The days I am ‘my own boss’ – which means I work for different clients in my capacity as a designer or admin person, do medical visits with my really very very very very mature parents, have proper practice sessions and organise UHAH things, work on the songwriting awards I coordinate and the Darebin Songwriters Guild organising – those days – which I love – do get a bit foggy and I have a fairly constant wrestle with myself about priorities and what to complete first.

There’s an up side to all of this of course. So much of what I do I really enjoy, so it’s hard to decide what to put on the top of the ‘shoulds’ ‘musts’ list because most of those are OK too. The only priority  than never slips far from the absolute top and is a ‘couldn’t manage without should-must’ is my walk with gifted hound Alfed the Great.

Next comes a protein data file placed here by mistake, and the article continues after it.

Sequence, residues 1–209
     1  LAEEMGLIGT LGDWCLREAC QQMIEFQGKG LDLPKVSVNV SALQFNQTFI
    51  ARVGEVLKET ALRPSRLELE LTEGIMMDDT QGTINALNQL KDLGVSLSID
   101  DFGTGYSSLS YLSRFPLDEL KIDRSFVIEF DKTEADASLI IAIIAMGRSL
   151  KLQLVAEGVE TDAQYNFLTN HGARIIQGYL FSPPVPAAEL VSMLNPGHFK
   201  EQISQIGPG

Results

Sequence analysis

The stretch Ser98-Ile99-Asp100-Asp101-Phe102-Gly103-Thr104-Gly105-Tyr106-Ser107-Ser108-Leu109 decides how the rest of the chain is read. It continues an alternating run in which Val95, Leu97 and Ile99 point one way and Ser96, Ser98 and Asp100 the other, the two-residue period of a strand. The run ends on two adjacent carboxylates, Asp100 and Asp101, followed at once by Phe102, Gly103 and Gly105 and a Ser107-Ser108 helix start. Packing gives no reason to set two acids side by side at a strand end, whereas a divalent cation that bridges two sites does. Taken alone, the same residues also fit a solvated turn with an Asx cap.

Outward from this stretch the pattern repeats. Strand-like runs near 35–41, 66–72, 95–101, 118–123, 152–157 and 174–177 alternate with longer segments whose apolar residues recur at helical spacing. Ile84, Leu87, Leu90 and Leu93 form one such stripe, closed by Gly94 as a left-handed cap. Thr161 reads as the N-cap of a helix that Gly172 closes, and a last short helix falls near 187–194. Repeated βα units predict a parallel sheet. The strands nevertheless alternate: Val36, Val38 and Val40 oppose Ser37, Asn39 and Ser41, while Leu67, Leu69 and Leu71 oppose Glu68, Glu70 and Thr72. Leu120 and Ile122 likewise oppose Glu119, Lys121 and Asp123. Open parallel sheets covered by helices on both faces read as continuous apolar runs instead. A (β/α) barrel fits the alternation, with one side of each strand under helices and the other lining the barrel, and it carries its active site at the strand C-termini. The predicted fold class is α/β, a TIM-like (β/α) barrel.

The soulful contemplation of the yummiest discarded chicken bone outside the noodle shop on the corner, the extrusion of the perfectly sculpted steaming barker’s egg, the skillful scooping of said dog emission into specially saved plastic bag, the wrenching of the shoulder joint as small, wondrous beast lunges at a must sniff bouquet…

Even on the saddest of days, I get a dose of bliss and there’s never any doubt that it belongs on the very top of my list of to dos.

Been a while between cuppas

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Lately I’ve lost a bit of momentum with the loss of a dear friend nearly three weeks ago, hot on the heals (to me) of the death of one of my closest and most stalwart friends late last year. There’s that old adage about only the good dying young, and I really do shy away from mawkishly eulogising the dear departed, but just lately I’ve been at a bit of a loss to do anything else really.

It is a strange thing how dead people seem to morph instantly from average flawed person with fears, failings, galloping inertia, self interest and blind spots etc to ‘fantastic, gentle, brave, honest, do anything for anyone, gentle larrikin’.